SUSTAINABILITY SERIES PART II: Introducing sustainability to the f&b world
In light of the recent global pandemic, ongoing social inequalities and the climate crisis, establishing social enterprises has become a trend in society. Social enterprises are a mix of a private business that exists to make money and a non-profit charity that exists to fulfil a social or environmental mission. By selling goods and services, social enterprises create employment and reinvest their profits back into their business or the local community. Therefore, a social enterprise is considered an agent of change that also has a significant role in community development.
In the past 5 years, the growth of social enterprises around the world has been remarkable. In the European Union, 1 out of 4 new enterprises set up every year is a social enterprise, while in Australia the number of this type of enterprise has grown by 37 percent over the last 5 years, constituting 2-3 percent of GDP. In the United Kingdom, there are over 100,000 social enterprises across the country contributing £60 billion to the economy and employing two million people.
The reason why this sector is growing is that it addresses a list of problems that every community is struggling with, such as:
Creating employment opportunities,
Empowering women and uplifting the marginalized,
Addressing social and financial exclusion,
Supporting local agriculture
Protecting the environment
Promoting education and literacy
As seen, social enterprises spring from different motivations, however, the keenness for turning idealism into action is what unites its founders. It is simply because waiting for solutions from the governments is not considered good enough anymore. Secondly, there is a growing sense around the world that the old-fashioned model of profit-maximisation-oriented large companies is neither sustainable nor socially acceptable. Therefore, social enterprises have the potential to change entire industries, including the F&B sector.
What does this mean for the f&b industry?
The development of social enterprises in the F&B industry is inspiring a variety of approaches. From biodegradable packaging and ingredients coming directly from small-scale producers, to a craft beer brand on a mission to end water poverty, the goal of social ventures is to raise more social and environmental awareness around the food and drinks we consume by championing sustainable production practices and empowering local communities.
By the end of 2022, it is predicted that hospitality, travel and tourism will create 73 million new jobs. By offering high-quality, entry-level jobs to youth in developing countries, the F&B industry has the potential to empower a young, often marginalised group of people.
But social enterprises are not only of high importance for developing countries. There are multiple examples of social enterprises globally, including a hotel franchise that was created with the mission of creating employment for people with mental health issues and a growing number of businesses championing a circular economy with their eco-friendly production processes and carbon-neutral technologies.
Youth development through pre-employment training and on-the-job professional development is one of highest importance to the F&B industry. Companies incorporating such development plans youth development into their business models help attract and retain young people to the industry.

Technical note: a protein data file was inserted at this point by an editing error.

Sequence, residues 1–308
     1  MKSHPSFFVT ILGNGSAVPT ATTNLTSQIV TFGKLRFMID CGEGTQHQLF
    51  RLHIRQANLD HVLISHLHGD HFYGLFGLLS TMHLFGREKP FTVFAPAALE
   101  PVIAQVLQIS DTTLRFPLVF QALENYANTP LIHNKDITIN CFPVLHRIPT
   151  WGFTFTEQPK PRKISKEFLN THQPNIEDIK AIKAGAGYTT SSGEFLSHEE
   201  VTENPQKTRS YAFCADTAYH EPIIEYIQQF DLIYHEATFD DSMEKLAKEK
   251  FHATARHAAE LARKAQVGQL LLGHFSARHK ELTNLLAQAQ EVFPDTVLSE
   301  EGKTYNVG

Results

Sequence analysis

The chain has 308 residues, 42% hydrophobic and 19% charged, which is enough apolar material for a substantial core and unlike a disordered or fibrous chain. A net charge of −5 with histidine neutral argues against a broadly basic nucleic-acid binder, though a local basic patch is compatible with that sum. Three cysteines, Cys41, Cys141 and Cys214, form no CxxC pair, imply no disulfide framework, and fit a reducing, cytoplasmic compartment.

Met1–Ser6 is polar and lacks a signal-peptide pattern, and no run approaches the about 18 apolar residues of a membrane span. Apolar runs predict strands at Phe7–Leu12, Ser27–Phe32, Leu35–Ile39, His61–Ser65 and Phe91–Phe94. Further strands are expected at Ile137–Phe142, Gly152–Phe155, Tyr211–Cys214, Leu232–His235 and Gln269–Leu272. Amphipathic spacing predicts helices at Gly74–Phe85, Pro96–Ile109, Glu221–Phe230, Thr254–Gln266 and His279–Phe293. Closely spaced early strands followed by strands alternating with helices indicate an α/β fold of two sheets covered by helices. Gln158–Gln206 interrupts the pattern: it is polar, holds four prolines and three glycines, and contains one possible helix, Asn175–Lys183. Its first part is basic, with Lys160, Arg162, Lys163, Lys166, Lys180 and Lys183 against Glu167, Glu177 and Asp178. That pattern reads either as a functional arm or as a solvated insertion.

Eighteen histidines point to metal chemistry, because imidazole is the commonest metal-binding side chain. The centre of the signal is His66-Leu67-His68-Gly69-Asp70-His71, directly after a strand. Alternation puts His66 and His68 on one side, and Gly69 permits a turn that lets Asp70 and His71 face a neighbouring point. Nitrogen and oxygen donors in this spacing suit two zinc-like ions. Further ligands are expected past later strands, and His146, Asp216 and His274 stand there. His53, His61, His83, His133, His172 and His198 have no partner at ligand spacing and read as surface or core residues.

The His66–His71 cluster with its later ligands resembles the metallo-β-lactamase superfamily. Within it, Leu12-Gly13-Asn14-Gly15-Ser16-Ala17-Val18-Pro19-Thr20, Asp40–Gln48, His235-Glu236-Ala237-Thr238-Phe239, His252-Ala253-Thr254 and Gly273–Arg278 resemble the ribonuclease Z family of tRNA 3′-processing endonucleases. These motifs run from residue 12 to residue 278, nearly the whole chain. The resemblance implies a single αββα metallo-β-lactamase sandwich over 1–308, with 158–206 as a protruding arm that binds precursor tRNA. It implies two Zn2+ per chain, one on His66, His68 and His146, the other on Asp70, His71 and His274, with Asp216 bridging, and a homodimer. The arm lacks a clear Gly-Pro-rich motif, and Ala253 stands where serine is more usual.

By investing in youth and sustainability, companies have the potential to:
Strengthen communities by supporting local suppliers and human rights,
Celebrate the cultures and diversity that thrive around us,
Promote sustainable living to have a positive influence on tomorrow.
Alkebulan The African Food Hall
As well as remaining authentic to African cuisine and culture, Alkebulan is implementing social enterprise into its brand and ethos. Alkebulan will give back and support the African community by setting up the following socially responsible programs:
The Hospitality Training Program will aim to support chefs & concepts with African origin who are underrepresented in the industry, offering a cooking school program supported by the Alkebulan Ambassadors. This will create opportunities for chefs and entrepreneurs alike to thrive within the industry.
Scholarships will also be set up to support aspiring chefs, entrepreneurs, creatives, and young and up-and-coming talent who need funding to attend the world’s best hospitality & culinary schools. Additionally, Alkebulan Incubator Hubs will support local entrepreneurs & concepts with branding, operating knowledge, mentorship, & training, to sustain their concepts & products. The latest way in which Alkebulan aims to give back to the community and industry is by developing a Farm Collective Co-Operative.
Alkebulan will partner with Farm Collectives & Co-operatives in Africa to support African suppliers and give them a world platform while still supporting the local African communities through the development of the Alkebulan retail range.
Overall, we can expect to see many exciting new and returning trends which will have a direct impact on the food, beverage and hospitality industries in 2022 and further into the future. TGP International are already witnessing the exciting goals of clients seeking to realise these new trends and harness the multitude of benefits on offer.
Formed in 2002, TGP International is dedicated to providing straightforward management solutions for the leisure and hospitality industry. At TGP International we are able to build on these trends to create world-class food and beverage destinations. From new experiences, unique cuisines sourced locally, health and wellness focussed ingredients and increasingly sustainable initiatives which make for world-class culinary destinations appealing to all generations.